The Inquisitive Walkers Guide to Lexingtons Downtown Architecture or LexArchTour offers an architectural tour of Lexingtons traditional business district, the place where the citys first two-and-one-half centuries are best represented in commercial and public buildings.
The tour features selected buildings that are described in text, audio narrative, and photographs. Building descriptions include date of construction, architect or builder, style, and purpose or use. Photographs record and interpret building design detail and general context. The guide also provides detailed information on each structure, its surroundings, how the structure has been used, and, where appropriate, commentary on the buildings larger context.
Accompanying maps will assist you in locating streets, buildings, and viewpoints. A short Bibliography is included for those interested in our references and further reading. The mobile app also includes a short Glossary, which lists selected terms used by brick and stone masons and other craftspeople in specifying structural components.
Version 1 of the Inquisitive Walkers Guide features covers 13 downtown buildings. It begins at the Old Courthouse, travels northeast to the Warfield and McClelland buildings at the corner of Upper and Short streets, turns west to cross Short Street until Mill Street and then moves south to traverse the Cheapside Plaza buildings from the Cheapside Bar to the Lexington City Bank building at West Main Street. In full compass these 13 buildings represent a rich array of architectural styles.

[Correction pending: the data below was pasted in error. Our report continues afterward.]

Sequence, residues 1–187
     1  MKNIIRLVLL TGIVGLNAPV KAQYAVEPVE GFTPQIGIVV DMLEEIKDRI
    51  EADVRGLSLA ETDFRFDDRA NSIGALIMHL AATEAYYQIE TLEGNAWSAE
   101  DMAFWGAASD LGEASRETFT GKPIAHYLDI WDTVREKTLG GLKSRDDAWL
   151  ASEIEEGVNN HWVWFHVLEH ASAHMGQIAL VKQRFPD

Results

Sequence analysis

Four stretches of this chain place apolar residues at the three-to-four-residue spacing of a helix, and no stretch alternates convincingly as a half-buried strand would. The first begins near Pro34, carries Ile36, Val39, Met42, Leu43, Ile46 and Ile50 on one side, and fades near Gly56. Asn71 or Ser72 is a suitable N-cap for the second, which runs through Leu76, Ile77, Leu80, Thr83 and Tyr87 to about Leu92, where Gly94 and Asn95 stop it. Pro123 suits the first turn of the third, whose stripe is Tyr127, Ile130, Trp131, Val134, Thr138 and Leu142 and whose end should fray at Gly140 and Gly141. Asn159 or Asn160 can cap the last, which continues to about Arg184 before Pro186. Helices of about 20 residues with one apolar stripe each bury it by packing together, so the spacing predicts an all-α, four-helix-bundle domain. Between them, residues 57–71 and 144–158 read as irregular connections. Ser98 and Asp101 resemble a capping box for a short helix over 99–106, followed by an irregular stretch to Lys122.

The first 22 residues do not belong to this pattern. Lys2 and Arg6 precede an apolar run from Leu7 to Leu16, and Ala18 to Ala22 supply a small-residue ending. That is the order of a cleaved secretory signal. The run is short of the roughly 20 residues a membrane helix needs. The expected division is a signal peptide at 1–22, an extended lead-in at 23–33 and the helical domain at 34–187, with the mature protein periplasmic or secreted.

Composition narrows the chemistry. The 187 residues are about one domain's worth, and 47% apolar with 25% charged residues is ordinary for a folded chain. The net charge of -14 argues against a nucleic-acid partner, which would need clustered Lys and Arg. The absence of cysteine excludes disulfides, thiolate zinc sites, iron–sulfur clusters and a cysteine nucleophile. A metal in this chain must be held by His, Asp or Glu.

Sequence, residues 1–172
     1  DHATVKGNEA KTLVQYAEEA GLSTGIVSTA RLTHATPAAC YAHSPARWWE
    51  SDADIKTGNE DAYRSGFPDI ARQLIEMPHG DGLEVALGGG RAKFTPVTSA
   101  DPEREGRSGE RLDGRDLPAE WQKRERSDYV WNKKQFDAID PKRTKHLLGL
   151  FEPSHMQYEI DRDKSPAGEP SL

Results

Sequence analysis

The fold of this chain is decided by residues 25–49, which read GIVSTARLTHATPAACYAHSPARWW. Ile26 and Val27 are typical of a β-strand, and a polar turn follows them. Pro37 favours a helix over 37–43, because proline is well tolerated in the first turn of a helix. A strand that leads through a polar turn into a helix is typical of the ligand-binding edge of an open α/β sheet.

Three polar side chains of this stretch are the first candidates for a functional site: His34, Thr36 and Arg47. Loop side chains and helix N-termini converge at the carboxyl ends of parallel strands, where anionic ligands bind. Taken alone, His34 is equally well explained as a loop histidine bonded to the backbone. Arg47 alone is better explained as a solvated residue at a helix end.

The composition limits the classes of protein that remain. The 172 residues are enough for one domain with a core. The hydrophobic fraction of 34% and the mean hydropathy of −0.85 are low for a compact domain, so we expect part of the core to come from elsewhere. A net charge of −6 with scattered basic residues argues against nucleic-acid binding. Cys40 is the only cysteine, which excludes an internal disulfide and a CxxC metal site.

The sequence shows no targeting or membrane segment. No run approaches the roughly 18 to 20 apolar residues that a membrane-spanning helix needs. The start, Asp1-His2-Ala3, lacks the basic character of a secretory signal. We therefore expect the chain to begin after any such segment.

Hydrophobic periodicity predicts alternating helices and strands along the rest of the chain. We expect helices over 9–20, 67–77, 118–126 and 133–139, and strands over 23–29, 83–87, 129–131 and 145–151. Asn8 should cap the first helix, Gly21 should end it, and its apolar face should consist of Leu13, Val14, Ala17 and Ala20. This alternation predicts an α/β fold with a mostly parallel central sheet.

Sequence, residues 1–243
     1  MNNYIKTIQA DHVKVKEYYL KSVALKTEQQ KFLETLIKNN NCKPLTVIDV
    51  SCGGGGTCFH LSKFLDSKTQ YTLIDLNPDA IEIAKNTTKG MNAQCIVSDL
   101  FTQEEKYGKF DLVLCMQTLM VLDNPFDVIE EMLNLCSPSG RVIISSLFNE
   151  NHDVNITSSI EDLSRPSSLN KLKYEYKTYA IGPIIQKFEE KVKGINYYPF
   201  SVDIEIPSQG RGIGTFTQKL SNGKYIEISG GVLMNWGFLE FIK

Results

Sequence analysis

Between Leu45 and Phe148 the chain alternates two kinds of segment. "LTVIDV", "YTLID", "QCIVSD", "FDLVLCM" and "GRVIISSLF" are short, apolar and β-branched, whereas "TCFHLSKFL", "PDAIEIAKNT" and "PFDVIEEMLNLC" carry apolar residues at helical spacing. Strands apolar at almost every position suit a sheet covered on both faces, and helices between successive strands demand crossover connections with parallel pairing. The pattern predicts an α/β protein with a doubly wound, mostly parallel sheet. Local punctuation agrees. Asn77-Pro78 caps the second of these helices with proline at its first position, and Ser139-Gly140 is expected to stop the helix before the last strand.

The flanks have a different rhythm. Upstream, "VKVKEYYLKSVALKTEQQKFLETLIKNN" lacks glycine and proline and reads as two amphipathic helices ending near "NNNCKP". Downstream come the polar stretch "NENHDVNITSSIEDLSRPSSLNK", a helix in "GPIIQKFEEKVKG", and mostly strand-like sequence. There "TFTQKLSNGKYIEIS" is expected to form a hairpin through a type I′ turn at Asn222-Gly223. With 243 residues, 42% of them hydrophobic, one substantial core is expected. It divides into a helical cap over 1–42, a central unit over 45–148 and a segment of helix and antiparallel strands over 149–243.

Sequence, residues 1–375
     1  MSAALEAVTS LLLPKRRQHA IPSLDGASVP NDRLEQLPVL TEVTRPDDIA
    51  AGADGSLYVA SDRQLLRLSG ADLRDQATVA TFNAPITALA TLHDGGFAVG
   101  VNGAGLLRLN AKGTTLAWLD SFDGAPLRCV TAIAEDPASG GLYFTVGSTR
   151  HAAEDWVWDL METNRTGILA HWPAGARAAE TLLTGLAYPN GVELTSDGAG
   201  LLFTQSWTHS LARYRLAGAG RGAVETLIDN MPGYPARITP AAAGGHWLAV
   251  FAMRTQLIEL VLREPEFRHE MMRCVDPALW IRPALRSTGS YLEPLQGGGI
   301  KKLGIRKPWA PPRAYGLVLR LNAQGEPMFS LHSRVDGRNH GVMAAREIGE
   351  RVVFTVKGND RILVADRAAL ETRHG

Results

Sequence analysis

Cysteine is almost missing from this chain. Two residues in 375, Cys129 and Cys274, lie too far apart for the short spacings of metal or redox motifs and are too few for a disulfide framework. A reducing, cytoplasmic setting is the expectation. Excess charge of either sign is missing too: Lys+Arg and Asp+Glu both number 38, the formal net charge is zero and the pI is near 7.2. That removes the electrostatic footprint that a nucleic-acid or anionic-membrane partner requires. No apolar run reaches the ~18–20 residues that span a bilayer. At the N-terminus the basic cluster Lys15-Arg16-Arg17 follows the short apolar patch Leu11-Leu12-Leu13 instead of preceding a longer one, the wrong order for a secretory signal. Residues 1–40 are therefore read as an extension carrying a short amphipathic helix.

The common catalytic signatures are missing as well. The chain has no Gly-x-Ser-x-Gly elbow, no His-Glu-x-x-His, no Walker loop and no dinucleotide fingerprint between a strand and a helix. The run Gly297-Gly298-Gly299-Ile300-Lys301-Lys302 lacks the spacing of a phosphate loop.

Plans for Version 2 include an expansion of the tours scope to more than 30 downtown buildings as well as the inclusion of archival photographs of buildings to show change over time.
In addition to identification, this guide seeks to enhance the way we see things. It is about translating common, everyday landscapes so that we may glean from them some appreciation of the lives and talents of the people who designed, built, and occupied them.
For more than two centuries, downtown commerce has been conducted in structures designed by talented architects and erected by skilled craftspeople. As long as these structures stand, they will continue to tell a story of past and present times and people.